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2002 Survey
2000 Survey
'99 Survey
'97 Survey
'95 Survey


Many town and city centres in the UK are undergoing dynamic changes.  E-commerce, growing affluence, greater personal mobility & retail investment are all affecting consumer behaviour. 

The national policy climate also has a significant bearing on the fortunes of town centre retailing.  Relaxation of planning controls in the 1980s resulted in the development of carcentrics (major centres purpose designed to cater for car-borne shoppers) in many parts of the country.  As the growth in personal mobility continues these centres have become 'honeypots' for high spending shopping trips.   These centres now draw people from 90 to 100 miles away.  This is affecting the viability of businesses in the towns in their shadow.

A further significant factor is the amount of retail and transportation investment being made in the cities.  These have the scale and strength of retail offer and other attractions which diminish consumers' preoccupation with using cars.  Consequently more people are prepared to accept the inconvenience and lack of comfort involved in using public transport for at least part of the journey.  Furthermore accessibility is being enhanced by the introduction of guided buses, super trams and the general upgrading of their mass transportation infrastructure.

Personal mobility has become an indispensable part of consumer lifestyles but this conflicts with national policy which is increasingly focused on reducing car usage.   Experience from the USA where car borne consumers deserted the 'downtown' areas shows that unless this is handled very carefully restrictions will drive people from the high street and into the car parks of large and small carcentric locations. 

There is therefore a need to monitor the health & vitality of towns & cities in order to ensure that their economic vitality is not further undermined.  The   condition of the physical fabric and future character of towns is at stake.

The Lockwood Survey.

Since 1995 a series of research reports has been produced.  The work had its origins in a pioneering project based in Halifax West Yorkshire which in the late '80s & early '90s set about transforming the appearance of the town centre & marketing the town with a new image.  A monitoring exercise in 1993 showed this had made a significant impact on the trading performance of businesses and stimulated significant capital investment.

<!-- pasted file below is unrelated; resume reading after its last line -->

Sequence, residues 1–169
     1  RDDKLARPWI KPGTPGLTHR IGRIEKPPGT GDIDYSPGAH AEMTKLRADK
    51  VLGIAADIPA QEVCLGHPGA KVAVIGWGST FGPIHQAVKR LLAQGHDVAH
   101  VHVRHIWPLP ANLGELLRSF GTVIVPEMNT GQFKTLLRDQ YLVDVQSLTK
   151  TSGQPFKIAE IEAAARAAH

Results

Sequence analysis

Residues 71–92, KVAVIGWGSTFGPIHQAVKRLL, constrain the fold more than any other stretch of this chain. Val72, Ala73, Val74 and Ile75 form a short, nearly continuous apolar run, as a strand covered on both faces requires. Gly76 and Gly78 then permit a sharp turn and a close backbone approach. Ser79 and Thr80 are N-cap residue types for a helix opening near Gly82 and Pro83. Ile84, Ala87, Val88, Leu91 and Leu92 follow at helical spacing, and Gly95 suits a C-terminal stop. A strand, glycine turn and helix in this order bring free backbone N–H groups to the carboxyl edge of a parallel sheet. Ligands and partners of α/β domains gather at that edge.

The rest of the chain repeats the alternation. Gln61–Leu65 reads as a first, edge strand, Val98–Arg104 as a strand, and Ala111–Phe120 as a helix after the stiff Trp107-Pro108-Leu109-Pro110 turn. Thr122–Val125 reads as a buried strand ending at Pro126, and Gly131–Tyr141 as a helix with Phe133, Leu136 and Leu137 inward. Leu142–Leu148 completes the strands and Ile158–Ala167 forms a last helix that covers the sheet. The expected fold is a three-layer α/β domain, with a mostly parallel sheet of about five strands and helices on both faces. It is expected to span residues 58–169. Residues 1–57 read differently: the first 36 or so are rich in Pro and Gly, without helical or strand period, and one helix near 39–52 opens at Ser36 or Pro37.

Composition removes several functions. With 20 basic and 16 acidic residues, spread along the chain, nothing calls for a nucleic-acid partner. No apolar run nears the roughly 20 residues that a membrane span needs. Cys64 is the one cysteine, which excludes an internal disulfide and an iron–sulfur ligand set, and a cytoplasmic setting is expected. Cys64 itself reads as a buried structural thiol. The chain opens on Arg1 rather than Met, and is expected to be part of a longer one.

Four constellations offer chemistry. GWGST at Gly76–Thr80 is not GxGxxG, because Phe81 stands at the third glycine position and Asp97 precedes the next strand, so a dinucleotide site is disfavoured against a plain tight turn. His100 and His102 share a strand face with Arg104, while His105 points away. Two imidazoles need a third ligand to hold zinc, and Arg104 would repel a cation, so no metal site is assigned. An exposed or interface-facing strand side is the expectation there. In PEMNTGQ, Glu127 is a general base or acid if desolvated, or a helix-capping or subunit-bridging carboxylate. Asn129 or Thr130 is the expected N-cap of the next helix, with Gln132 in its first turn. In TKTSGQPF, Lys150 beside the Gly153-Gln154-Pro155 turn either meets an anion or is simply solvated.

This work coincided with the introduction town centre management schemes in many parts of the UK and the consequent need to evaluate their impact on the vitality and viability of towns.  As a result a number of national companies with an interest in retailing and town centre property agreed to sponsor the development of the research.  The 2000 survey also benefited from the sponsorship of the DETR and Scottish Enterprise.

An important component of the research is the confidential sales performance data for individual stores supplied by national retailers.  The data is supplied on the strict understanding that their identities will not be revealed. 

Another key feature is the collection of information about the  myriad of potential factors which can affect the trading performance of businesses in a town centre.  Early work focused on obtaining the combined views of a few store managers.  However the method used since 1998 has been to ask either the local chamber of commerce or the town centre manager to call a small panel together to complete a single questionnaire about the centre.  It is requested that the panels be composed of (i) an employer (on the basis that there was likely to be an awareness of the attitudes of employees to the town centre), (ii) a hotelier (to input the reactions of visitors), (iii) a banker (who would be aware of the state of the independent business sector) and (iv) two retailers.  In addition it was requested that where possible the Town Centre Manager participate.

The aim is to obtain a consistently derived response from each centre representing a distillation of views from different business perspectives both from within and outside the centre. The resulting comments should therefore be the joint views of the individuals who came together and should be regarded as indicative of local conditions rather than an empirical measurement of them.

The survey reports use this information to present an appraisal of each centre as a "snapshot" of their strengths, weaknesses and trading performance which allows comparisons to be made with neighbours and competitors.

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